The explanation raises a lot of questions. How did the DOJ get the key to access the Bitcoin? Was the professional hacker group that sloppy?
The Department of Justice announced it recovered millions in Bitcoin that Colonial Pipeline paid DarkSide after a ransomware attack shut down the main pipeline for gas on the East Coast.
But many crypto experts raised their eyebrows with this announcement.
What the DOJ Says
Colonial Pipeline told the FBI the hacker group DarkSide accessed the network and demanded 75 Bitcoin (BTC). They paid the ransom.
The DOJ took 63.7 BTC, which is valued at around $2.3 million. However, Colonial Pipeline paid the hackers 75 BTC ($4.4 million).
From the press release:
“Following the money remains one of the most basic, yet powerful tools we have,” said Deputy Attorney General Lisa O. Monaco for the U.S. Department of Justice. “Ransom payments are the fuel that propels the digital extortion engine, and today’s announcement demonstrates that the United States will use all available tools to make these attacks more costly and less profitable for criminal enterprises. We will continue to target the entire ransomware ecosystem to disrupt and deter these attacks. Today’s announcements also demonstrate the value of early notification to law enforcement; we thank Colonial Pipeline for quickly notifying the FBI when they learned that they were targeted by DarkSide.”
“There is no place beyond the reach of the FBI to conceal illicit funds that will prevent us from imposing risk and consequences upon malicious cyber actors,” said FBI Deputy Director Paul Abbate. “We will continue to use all of our available resources and leverage our domestic and international partnerships to disrupt ransomware attacks and protect our private sector partners and the American public.”
“Cyber criminals are employing ever more elaborate schemes to convert technology into tools of digital extortion,” said Acting U.S. Attorney for the Northern District of California Stephanie Hinds. “We need to continue improving the cyber resiliency of our critical infrastructure across the nation, including in the Northern District of California. We will also continue developing advanced methods to improve our ability to track and recover digital ransom payments.”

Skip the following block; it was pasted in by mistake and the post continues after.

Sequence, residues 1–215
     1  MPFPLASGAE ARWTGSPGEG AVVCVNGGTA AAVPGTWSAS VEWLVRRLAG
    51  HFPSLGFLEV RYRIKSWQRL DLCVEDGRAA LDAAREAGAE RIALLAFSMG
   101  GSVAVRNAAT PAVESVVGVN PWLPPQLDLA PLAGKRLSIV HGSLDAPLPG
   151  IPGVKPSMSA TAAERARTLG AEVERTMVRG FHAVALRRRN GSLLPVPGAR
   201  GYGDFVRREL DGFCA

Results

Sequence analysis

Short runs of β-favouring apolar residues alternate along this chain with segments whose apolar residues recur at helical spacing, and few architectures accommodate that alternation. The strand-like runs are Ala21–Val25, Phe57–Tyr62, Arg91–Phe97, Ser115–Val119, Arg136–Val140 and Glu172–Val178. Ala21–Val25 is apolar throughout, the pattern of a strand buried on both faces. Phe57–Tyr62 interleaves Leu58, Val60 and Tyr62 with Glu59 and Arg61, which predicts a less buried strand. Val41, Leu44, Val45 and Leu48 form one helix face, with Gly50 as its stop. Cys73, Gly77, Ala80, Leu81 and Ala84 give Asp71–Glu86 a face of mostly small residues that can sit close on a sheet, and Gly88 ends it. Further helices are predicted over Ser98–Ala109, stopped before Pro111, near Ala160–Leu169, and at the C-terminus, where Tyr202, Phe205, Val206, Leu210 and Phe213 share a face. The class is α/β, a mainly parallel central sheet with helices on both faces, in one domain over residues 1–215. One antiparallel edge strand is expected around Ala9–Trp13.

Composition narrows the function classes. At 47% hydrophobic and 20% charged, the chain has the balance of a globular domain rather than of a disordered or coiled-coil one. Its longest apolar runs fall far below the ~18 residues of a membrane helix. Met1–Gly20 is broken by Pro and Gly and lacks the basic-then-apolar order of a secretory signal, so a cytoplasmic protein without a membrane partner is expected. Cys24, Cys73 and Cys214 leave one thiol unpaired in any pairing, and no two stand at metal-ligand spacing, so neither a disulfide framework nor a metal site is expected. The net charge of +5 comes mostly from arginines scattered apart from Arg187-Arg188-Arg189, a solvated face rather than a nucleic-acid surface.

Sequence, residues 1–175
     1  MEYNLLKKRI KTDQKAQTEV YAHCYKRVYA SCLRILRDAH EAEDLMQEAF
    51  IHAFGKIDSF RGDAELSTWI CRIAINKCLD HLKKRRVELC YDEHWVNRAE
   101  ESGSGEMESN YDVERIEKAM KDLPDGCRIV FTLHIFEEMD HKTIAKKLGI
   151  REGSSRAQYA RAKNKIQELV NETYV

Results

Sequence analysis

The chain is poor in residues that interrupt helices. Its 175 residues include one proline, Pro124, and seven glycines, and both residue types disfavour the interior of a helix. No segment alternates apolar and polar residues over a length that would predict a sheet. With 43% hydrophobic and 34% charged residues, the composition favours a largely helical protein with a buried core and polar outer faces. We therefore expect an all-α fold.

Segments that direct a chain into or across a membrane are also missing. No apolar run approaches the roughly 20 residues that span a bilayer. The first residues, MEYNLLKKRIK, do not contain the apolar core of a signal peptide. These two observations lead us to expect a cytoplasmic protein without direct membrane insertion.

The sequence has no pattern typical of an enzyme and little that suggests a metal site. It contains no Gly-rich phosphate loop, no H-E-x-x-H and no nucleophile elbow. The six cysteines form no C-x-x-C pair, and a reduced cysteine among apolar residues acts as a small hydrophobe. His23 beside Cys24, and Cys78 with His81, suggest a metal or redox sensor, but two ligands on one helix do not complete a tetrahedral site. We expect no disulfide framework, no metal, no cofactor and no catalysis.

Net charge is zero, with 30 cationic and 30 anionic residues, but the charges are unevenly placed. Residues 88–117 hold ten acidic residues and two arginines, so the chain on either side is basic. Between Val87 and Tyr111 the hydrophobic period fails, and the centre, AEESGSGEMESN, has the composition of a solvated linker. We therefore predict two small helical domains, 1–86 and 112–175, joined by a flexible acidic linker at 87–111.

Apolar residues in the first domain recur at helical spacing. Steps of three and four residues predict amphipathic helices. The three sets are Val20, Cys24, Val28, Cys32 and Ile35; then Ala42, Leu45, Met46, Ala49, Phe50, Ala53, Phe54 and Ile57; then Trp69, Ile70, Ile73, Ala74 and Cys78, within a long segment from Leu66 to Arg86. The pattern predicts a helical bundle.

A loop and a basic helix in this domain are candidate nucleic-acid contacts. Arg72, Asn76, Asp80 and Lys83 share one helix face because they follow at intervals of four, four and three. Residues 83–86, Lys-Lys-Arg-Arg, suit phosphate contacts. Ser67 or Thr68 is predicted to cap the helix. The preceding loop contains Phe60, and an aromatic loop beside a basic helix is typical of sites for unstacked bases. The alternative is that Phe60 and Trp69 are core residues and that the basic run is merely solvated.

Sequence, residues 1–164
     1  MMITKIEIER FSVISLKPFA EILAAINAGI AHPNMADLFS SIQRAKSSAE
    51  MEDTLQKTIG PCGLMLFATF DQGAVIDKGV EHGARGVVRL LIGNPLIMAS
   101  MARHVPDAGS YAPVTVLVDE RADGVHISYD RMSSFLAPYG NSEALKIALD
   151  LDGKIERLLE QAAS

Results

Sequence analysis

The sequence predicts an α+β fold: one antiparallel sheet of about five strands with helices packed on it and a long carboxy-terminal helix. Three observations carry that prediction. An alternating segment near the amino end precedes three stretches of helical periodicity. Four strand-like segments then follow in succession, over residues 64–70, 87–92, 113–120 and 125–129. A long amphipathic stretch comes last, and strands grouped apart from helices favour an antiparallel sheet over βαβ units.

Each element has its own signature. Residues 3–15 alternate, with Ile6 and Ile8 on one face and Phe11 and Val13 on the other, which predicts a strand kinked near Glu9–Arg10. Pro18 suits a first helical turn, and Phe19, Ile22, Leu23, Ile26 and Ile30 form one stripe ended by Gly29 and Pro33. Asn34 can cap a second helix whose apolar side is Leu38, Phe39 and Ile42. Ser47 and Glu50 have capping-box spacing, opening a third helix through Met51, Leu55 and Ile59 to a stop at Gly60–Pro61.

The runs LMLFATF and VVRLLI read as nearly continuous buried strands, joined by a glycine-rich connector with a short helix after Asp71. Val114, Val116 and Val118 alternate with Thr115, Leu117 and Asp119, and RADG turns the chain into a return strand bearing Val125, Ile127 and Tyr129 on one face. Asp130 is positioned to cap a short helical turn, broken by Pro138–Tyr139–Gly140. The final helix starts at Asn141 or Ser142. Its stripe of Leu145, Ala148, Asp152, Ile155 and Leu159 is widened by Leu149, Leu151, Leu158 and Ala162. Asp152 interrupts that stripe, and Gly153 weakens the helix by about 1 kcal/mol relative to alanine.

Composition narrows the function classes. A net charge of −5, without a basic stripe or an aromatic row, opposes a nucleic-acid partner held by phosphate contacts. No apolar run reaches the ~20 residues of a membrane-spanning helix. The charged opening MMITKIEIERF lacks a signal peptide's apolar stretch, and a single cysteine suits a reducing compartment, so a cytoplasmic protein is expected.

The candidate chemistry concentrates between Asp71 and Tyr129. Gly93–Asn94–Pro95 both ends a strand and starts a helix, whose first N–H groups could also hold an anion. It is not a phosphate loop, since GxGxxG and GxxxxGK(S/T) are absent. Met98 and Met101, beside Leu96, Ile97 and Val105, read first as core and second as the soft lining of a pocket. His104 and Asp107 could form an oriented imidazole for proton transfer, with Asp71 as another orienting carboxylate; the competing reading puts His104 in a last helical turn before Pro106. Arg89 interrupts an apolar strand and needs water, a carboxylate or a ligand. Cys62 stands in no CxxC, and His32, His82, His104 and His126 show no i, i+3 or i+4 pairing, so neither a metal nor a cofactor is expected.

Hinds also said, “The extortionists will never see this money.”
An FBI agent explained in an affidavit why the FBI had probable cause to seize the BTC from DarkSide.
The agent wrote in the affidavit that one address received two payments on May 8. The agent then detailed how payments went to different addresses on that same day.
The following day, May 9, BTC payments went to two addresses.
The agent noted “[A]n online public blockchain explorer identified at least 23 other addresses collected together with” the address that collected almost 64 BTC on May 9.
On May 27, almost 70 BTC, including the almost 64 BTC, went to one address. No one has touched those funds since that date.
What Crypto Experts Say
I am no crypto expert, but I know enough to know the story from the DOJ is a little…off.
First off, Colonial Pipeline paid 75 BTC. The DOJ only retrieved 63.7 BTC.
Where is the rest of the money?
Second, DarkSide is a professional group. It does not keep a BTC in a wallet accessible only by password.
The crypto experts secure their BTC. In other words, you can only access their BTC if you have the device that stores the BTC. You can have their password, but you’d only see their balance.
This leads to the most crucial question: How did the DOJ receive the private key of that final wallet housing the majority of the BTC?
As I said, DarkSide is professional. It likely does not hold its BTC in a wallet only accessible by a password.
Crypto experts and others who understand crypto raised important questions and observations on Twitter.
"The FBI had the password to the hackers' #Bitcoin account." Hmm–there's no such thing as a "Bitcoin account." Did hackers use an exchange (in which case an "account" existed, but it's not a "bitcoin account") or did the FBI have the private key to the hackers' bitcoin wallet?🤔 https://t.co/iO1NT8mcDz
— Caitlin Long 🔑 (@CaitlinLong_) June 7, 2021
So I’m supposed to believe that the DOJ was able to “seize” crypto? So if the Colonial Pipeline hackers’ Bitcoin password was figured out, no crypto is safe. This is bull bruh! Unbelievable story. https://t.co/rNahPelId7
— Rance the Royal 🤴🏾 (@RanceRob) June 7, 2021
Umm..that’s not how Bitcoin works 🤔 https://t.co/qWIAMr9Vz5
— Mike Garvey Jr. 🌴☀️ (@MikeGarveyJr) June 7, 2021
I’m curious as to how FBI got their passwords. Either the hackers were sloppy and stored their wallet information on their computers, or the FBI found a way to override that wallet’s login.
Moral of the story, paper ledgers and cold wallets are key🔑 https://t.co/dy0cgt7EiH
— Sam Trujillo❄️ (@SAMT_WX) June 7, 2021
— Stranger in my own land (@chuckberry3141) June 7, 2021
How did Russian hackers manage to shutdown part of our infrastructure but weren’t able to keep their bitcoin hidden? Were not getting the full story here… You look awfully suspect DOJ…
— Roger (@Roger93528023) June 7, 2021
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